Taxonomy for Student Engagement with Technology
A two-day series of meetings on mobile technology for learning led to the thought that perhaps there might be a taxonomy for engagement with technology for learning. Technologies involved in this discussion included things like mobile phones, e-Readers, Flip video cameras, etc. The motivation for the taxonomy was the notion that some types of interactions with these devices are inherently fairly simple – sending a text message, taking a picture, and the like. Other interactions can be far more complex – taking a picture, uploading it to a PC, uploading from there to a sharing site, and then integrating it into an essay or presentation, augmented with location information about where the picture was taken.
As one ascends this engagement taxonomy (and perhaps it’s not a straight line of ascent), things become more complex and perhaps more error-prone, and also perhaps harder for both faculty and students to manage. Hence, if we can provide a structure with which to think about the ways we want to engage our students with technology, we might be able to help both faculty and students to readily gauge how complex these interactions might be.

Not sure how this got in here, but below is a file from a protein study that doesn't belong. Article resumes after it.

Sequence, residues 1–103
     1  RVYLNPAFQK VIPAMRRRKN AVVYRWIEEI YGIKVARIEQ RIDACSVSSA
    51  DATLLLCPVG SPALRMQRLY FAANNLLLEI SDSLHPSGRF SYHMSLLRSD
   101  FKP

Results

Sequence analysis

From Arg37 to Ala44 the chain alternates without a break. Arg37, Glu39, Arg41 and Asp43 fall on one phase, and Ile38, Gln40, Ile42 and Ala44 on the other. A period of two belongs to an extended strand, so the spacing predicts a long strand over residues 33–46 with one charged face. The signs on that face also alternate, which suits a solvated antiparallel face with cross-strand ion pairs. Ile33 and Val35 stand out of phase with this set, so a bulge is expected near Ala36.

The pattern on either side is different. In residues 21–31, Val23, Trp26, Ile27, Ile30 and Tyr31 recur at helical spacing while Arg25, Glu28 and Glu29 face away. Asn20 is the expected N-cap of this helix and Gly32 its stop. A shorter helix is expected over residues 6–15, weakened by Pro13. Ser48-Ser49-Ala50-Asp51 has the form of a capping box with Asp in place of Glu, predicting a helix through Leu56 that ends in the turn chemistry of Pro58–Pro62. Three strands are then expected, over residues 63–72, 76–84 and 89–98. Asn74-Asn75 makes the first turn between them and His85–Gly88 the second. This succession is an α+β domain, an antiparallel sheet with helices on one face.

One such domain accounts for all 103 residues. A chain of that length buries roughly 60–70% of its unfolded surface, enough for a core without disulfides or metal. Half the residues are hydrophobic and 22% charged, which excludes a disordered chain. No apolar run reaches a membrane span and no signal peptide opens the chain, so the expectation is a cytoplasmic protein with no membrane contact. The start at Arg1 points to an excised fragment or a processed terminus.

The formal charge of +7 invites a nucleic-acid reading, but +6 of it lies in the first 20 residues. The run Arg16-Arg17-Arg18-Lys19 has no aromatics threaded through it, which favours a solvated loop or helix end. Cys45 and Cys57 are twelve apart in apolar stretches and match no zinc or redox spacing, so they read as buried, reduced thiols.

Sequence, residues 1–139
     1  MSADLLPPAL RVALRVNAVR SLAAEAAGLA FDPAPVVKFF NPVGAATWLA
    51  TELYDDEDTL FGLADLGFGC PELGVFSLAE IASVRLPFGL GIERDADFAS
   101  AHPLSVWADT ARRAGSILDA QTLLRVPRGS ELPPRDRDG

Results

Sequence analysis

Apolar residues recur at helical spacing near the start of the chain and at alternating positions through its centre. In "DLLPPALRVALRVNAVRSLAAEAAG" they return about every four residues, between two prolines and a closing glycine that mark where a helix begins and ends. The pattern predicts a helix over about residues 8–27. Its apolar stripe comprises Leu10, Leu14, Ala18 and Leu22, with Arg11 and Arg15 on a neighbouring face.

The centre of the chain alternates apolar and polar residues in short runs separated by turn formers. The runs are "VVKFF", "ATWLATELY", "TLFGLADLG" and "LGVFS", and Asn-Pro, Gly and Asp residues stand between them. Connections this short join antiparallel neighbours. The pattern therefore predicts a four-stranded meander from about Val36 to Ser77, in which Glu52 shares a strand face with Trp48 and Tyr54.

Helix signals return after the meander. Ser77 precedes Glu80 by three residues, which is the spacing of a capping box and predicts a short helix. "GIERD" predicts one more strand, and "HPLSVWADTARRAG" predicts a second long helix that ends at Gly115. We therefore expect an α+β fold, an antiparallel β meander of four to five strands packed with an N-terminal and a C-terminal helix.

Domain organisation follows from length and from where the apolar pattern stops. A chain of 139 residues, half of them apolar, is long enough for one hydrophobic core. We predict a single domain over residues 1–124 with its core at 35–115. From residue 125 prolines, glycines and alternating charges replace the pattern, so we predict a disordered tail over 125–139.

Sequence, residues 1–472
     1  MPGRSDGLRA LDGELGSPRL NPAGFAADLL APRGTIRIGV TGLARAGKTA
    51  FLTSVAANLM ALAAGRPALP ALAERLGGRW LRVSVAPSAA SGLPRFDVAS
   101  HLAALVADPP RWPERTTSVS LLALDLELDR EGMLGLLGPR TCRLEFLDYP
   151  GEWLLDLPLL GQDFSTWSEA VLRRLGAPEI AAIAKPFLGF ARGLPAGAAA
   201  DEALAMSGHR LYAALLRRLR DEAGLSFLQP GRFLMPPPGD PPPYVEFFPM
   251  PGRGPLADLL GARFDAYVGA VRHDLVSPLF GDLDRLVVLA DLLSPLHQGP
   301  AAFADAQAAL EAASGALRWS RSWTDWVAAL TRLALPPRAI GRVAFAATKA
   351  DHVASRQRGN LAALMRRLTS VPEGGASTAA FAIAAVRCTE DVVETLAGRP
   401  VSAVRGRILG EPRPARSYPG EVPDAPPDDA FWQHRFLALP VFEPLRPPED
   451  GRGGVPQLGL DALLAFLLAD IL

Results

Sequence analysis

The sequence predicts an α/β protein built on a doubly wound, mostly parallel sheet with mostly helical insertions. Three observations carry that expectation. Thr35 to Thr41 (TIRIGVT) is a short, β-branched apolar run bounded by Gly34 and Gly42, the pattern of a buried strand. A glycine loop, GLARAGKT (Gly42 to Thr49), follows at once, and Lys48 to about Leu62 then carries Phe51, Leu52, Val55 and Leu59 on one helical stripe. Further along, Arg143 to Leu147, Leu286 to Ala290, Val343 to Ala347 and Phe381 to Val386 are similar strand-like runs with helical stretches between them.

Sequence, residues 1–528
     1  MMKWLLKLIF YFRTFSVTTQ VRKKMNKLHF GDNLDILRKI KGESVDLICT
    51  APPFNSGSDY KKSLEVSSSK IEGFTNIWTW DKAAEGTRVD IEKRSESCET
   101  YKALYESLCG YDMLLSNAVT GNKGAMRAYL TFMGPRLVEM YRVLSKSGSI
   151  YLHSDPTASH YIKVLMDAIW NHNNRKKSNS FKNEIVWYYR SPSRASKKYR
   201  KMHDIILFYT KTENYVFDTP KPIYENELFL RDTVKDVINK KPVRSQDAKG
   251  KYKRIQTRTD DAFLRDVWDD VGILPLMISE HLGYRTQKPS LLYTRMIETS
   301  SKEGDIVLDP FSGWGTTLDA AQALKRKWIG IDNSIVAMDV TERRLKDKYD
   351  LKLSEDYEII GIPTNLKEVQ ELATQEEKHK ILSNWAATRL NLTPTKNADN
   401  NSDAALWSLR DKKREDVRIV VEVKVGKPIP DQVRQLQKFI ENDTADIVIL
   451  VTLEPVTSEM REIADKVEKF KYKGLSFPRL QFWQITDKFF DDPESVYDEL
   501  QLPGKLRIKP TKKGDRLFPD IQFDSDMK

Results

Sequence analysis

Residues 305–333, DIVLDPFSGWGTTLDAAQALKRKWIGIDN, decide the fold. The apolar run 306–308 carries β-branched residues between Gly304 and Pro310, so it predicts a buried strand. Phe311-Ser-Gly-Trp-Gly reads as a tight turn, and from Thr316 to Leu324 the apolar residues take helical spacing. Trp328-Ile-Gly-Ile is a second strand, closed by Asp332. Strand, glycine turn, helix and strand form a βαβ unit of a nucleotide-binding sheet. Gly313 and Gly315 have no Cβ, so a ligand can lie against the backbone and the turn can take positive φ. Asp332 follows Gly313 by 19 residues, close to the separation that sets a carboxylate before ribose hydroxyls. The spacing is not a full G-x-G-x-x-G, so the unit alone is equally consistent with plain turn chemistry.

As a first-order view of the taxonomy, descending from most complex to least complex (or most engaging to least engaging), I propose this structure, and would welcome your feedback:
- Integration (taking content from multiple mobile sources and combining it in unique ways or via multiple tools)
- Collaboration (sharing content with others; using content from others)
- Publication (making the created content available to some audience)
- Creation (taking pictures, capturing video, writing text or messages)
- Consumption (viewing content created by others)
- No interaction
This is just a first draft, and may go no further. If you have comments on it, I’d welcome them – thanks in advance!